BEARS LOOK LIKE THEY WOULD MAKE NEAT PETS
first water bear I ever saw came lumbering through the water, pushing
over a pile of floating debris. It grabbed another piece of rubble with
a front leg and moved it aside like it was a sofa cushion.
knew it was in control of the scene when it came face to face with a
paramecium, which used all of its cilia to get out of the way. I was
looking through a microscope in biology class observing one of natures
most remarkable creatures. At the time, I did not know how special a
water bear, or to use its proper name tardigrade, was. Scientific
research years later has revealed how extraordinary tardigrades are.
belong to the most radiation tolerant animals on Earth, says a
scientific paper by Jonsson K. Ingemar (Kristianstad University, Sweden)
and colleagues from the University of Copenhagen, Denmark. They are
distinctive in being the only animals known to have survived the
combined exposure to cosmic radiation, UV radiation and vacuum under
real space conditions.
are based in part on the survival of tardigrades placed on the outside
of an unpiloted Russian spacecraft. In the experiment, conducted in
collaboration with NASA, more than two-thirds of the tardigrades survived
the trek, enduring environmental conditions far harsher than any on
are chubby microscopic organisms, the largest ones approaching the size
of a grain of rice. They have eight legs with disk-like claws at the
end and a cute nose resembling a piglets snout. If these charming
little denizens of terrestrial, freshwater and marine habitats worldwide
were a familiar mammal like real bears, the toy industry would be awash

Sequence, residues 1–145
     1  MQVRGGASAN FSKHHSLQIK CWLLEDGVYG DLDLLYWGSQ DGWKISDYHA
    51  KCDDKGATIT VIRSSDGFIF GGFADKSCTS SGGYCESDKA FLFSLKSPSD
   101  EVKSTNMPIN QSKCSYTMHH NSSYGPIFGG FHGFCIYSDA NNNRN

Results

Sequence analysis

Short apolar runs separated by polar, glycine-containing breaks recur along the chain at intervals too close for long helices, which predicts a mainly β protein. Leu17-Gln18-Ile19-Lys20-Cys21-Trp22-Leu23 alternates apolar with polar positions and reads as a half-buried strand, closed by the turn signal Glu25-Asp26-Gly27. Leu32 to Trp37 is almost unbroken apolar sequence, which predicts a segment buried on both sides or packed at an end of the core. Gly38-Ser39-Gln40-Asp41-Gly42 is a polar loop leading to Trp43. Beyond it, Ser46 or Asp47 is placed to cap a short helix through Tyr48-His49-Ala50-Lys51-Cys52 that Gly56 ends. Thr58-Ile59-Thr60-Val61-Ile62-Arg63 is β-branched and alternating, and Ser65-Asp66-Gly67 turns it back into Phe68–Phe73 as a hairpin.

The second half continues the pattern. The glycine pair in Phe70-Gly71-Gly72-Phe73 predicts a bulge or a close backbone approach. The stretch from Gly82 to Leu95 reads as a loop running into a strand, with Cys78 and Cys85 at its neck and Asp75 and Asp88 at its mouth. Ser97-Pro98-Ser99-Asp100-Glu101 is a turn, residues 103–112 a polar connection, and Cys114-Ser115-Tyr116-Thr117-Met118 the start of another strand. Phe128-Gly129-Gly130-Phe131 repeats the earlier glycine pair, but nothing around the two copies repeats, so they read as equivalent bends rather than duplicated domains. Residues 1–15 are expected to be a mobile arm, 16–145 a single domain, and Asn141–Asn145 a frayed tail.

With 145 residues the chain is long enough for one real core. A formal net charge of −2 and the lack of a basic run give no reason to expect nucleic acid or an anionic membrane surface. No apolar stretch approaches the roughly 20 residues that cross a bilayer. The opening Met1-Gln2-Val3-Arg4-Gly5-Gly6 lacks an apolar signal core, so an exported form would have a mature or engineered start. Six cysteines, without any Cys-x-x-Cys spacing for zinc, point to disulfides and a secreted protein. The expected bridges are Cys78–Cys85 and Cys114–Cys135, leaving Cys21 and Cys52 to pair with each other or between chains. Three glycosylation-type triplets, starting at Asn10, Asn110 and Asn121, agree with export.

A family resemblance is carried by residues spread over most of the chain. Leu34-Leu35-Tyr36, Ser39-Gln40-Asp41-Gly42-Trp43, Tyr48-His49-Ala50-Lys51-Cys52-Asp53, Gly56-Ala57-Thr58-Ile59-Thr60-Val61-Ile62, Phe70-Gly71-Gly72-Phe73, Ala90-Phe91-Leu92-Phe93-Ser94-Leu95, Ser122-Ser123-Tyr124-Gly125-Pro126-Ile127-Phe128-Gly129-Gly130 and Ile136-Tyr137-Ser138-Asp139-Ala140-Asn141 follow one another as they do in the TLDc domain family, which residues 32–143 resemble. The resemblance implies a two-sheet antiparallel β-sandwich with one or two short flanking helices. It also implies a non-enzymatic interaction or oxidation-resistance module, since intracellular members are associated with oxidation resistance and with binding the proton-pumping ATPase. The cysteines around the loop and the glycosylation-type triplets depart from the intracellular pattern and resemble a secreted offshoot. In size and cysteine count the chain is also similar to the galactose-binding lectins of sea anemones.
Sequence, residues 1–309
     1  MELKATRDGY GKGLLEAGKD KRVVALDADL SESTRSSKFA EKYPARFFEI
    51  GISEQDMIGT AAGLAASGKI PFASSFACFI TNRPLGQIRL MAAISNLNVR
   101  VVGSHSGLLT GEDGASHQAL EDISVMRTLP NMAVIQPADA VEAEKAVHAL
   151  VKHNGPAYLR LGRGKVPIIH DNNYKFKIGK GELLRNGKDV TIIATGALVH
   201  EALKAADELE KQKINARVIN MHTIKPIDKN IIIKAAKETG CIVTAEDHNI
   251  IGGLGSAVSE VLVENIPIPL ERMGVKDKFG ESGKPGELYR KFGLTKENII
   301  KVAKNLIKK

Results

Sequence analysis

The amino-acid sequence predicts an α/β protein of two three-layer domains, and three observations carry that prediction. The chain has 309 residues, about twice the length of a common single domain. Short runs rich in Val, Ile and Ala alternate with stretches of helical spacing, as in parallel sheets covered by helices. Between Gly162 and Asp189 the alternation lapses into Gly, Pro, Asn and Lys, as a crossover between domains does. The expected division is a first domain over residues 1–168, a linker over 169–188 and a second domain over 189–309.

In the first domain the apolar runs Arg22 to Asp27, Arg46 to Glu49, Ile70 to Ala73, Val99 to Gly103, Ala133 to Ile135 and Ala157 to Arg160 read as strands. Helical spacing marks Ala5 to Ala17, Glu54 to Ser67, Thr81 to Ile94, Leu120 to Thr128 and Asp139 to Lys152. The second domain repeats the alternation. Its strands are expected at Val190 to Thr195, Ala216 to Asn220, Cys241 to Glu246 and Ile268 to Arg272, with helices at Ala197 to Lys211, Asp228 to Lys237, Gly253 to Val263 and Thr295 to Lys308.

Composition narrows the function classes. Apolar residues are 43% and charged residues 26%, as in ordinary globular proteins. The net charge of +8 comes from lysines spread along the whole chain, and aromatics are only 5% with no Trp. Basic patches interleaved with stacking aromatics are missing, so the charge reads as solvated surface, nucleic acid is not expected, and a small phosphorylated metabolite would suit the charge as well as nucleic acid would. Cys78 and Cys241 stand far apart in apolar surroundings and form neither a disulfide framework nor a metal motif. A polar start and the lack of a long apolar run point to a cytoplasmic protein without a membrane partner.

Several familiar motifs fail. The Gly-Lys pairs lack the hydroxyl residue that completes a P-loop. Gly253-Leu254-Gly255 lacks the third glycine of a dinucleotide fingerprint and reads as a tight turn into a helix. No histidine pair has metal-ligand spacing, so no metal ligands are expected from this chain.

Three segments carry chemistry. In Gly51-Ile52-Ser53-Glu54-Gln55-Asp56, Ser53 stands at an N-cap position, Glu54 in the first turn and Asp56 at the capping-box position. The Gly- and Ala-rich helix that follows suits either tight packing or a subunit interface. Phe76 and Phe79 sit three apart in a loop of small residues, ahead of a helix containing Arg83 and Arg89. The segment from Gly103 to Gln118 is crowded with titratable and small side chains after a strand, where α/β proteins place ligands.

in stuffed water bears. Every child (and some adults) would want one.
writer William Herkewitz reported in Popular Mechanics on the
near-invulnerable nature of these fascinating animals. He noted that
tardigrades have survived heat of more than 300 degrees Fahrenheit and
cold as low as -458°F.
measure of the resilience of these remarkable organisms, Fumihisa Ono
(Okayama University of Science, Japan) and colleagues reported tardigrades
surviving incredibly high pressures more than a million pounds
per square inch. The investigators stated that it was really surprising
that living organisms can survive after exposure to such a high pressure.
are versatile and ubiquitous as seen by their presence on all continents
and habitats from arid deserts to frozen tundra, from mountain tops
to deepest oceans. No other animals have been found to tolerate the
extremes a tardigrade can endure.
the scientific explanation for such incomparable endurance? An ability
to dehydrate so that only a small percentage of their body retains water
has been proposed as one survival mechanism. Another is that they can
lower their metabolism to the point that it is barely measurable.
such a physiological state, a tardigrade can go for years, perhaps decades,
without its basic food of algae or bacteria and without any water. Why
that would also allow it to survive phenomenally high atmospheric pressure
in a laboratory, a vacuum in outer space or high levels of radiation
is not clear.
of different species of tardigrades are known to exist, and only a few
of them have been examined thoroughly enough to know what other special
capabilities they have. The potential for research on tardigrade behavior
is intriguing. Water bears have much to tell us about life and the myriad
ways it can be lived. They may even show us how to survive an interplanetary
is something we should continue to support in our ongoing efforts to
unveil the mysteries of outer space. But let us not forget that intrigue
and mystery are also to be found here on our home planet. Information
lies beneath our feet, waiting to be revealed through research on the
millions of species like tardigrades that we know too little about.
you have an environmental question or comment, email